Barking, Havering and Redbridge release plans for greater collaboration with Barts Health

Barking, Havering and Redbridge University Hospitals NHS Trust (BHRUT), and Barts Health NHS Trust, have jointly published a document on their efforts to work closer together, as well as outlining their ambitions to build a greater working partnership in North East London.

Recently, it was announced that Jacqui Smith will take on the role of Chair in Common, working across both organisations. The closer working model is being used across hospitals in the North East London area, including Mile End Hospital, Whipps Cross Hospital, King George Hospital, Queen’s Hospital, and Barking Community Hospital.  

The report highlights case studies that show how closer collaboration can affect positive change in the North East London area. The pronounced population growth across the region, which both organisations cover, has accelerated the need for greater collaboration – and a shared vision to improve patient care. This factor, in combination with COVID-19, put specific pressure on hospitals, as the need for critical care beds in the area was double the amount available.  

The first example of greater collaboration between the two trusts was at the start of the COVID-19 pandemic. The trusts communicated twice daily during peaks of the virus and were able to manage critical care beds in an efficient and safe way, for patients.  

Charlotte Hopkins, Group Deputy Chief Medical Officer at Barts Health, said: “I had telephone conversations with colleagues in Homerton and at BHRUT [who] I had never met before. They joined our daily conference call within Barts Health – MS Teams didn’t exist then – and we rotated the chair between us. It was all about sharing information and ensuring voices were heard, but the outcome was that a group of clinicians controlled patient flow and managed mutual aid across multiple critical care units.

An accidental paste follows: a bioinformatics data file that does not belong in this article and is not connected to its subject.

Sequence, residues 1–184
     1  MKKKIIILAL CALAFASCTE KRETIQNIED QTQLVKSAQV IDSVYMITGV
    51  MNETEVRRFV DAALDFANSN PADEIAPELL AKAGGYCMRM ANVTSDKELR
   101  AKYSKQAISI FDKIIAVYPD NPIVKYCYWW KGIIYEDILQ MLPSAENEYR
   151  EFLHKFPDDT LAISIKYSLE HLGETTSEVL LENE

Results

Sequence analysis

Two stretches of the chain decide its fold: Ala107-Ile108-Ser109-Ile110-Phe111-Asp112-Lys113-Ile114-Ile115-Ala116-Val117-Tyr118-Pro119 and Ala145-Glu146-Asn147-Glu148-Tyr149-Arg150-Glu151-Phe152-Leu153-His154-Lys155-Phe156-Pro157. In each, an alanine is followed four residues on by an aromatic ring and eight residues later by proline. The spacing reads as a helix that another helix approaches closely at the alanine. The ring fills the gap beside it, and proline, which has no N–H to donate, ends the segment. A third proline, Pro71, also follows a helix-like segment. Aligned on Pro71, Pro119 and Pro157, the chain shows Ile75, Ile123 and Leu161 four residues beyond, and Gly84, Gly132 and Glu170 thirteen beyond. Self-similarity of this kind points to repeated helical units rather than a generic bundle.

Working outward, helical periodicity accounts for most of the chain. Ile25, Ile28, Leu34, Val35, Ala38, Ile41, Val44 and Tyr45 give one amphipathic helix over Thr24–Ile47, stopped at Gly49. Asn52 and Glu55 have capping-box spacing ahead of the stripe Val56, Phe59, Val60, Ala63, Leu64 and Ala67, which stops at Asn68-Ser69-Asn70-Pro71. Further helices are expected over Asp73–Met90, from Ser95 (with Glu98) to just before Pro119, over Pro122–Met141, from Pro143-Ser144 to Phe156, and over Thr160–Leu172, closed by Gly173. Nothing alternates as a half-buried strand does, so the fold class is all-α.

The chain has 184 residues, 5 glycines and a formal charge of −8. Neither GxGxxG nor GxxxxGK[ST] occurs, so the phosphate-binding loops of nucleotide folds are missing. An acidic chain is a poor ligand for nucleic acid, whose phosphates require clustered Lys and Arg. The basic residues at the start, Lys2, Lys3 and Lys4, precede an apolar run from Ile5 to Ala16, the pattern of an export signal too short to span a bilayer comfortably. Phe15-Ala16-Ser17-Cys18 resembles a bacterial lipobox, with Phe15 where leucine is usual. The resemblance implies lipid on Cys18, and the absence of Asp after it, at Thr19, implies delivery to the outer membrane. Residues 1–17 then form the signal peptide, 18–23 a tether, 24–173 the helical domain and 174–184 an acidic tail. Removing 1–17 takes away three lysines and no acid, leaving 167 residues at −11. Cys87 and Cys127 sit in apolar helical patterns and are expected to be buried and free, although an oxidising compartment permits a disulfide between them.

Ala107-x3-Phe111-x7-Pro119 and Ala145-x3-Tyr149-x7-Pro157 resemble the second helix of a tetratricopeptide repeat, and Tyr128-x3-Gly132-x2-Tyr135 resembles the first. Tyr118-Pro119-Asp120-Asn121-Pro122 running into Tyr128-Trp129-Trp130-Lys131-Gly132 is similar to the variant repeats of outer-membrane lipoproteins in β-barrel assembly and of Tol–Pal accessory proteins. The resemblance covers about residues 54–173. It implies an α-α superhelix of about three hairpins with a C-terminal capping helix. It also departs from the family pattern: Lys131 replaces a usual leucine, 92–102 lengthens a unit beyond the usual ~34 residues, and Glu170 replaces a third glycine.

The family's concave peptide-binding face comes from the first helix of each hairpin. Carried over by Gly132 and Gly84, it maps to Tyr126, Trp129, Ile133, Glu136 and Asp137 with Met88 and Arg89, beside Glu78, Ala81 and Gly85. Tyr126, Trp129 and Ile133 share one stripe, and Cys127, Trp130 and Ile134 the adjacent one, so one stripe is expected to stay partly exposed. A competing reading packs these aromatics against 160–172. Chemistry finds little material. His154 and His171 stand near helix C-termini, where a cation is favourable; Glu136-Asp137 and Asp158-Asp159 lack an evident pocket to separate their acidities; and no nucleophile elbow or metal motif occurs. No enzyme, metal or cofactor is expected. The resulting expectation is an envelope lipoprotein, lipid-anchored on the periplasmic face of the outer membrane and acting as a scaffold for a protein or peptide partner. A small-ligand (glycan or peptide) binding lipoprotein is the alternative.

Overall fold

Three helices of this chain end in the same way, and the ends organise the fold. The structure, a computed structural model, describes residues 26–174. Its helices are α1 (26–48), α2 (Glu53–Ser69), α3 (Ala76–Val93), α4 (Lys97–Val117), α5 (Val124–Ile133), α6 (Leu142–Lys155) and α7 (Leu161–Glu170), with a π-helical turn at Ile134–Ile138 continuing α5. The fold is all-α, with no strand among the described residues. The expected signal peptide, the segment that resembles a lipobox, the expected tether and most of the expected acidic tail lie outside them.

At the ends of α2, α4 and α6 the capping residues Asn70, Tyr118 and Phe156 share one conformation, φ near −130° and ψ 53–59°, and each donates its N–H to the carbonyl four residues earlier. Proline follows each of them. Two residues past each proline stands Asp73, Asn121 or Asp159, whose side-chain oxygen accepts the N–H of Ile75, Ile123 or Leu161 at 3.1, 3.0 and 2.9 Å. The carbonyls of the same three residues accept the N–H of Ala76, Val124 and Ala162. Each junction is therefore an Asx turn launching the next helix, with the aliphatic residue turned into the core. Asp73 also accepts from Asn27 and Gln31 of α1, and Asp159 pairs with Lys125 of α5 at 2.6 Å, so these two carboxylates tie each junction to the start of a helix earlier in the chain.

“Together we ensured an unprecedented number of patients with severe respiratory disease got the immediate treatment they needed.” 

Over 100 interviews were conducted with members of staff, to find out how well-received close collaboration would be, with 1,550 responses recorded. Staff highlighted the need to encourage the freedom of movement across hospitals to develop staff and provide a broader experience but, to achieve this, a large scale project would be needed to upgrade back-office systems at both organisations.  

The report sets out the next steps for both organisations, which will include the production of a shared approach to target 12 specific priority areas. Matthew Trainer has been appointed as the new substantive CEO for BHRUT, and one of his main responsibilities is to stabilise the senior leadership team, with a number of executive appointments expected in the coming months.